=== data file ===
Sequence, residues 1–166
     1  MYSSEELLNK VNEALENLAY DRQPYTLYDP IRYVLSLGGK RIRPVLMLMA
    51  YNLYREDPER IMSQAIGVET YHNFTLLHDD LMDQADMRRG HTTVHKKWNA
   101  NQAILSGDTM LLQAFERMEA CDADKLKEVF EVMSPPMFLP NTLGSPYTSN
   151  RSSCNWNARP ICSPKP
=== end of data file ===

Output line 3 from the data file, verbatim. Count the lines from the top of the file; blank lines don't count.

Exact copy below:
    51  YNLYREDPER IMSQAIGVET YHNFTLLHDD LMDQADMRRG HTTVHKKWNA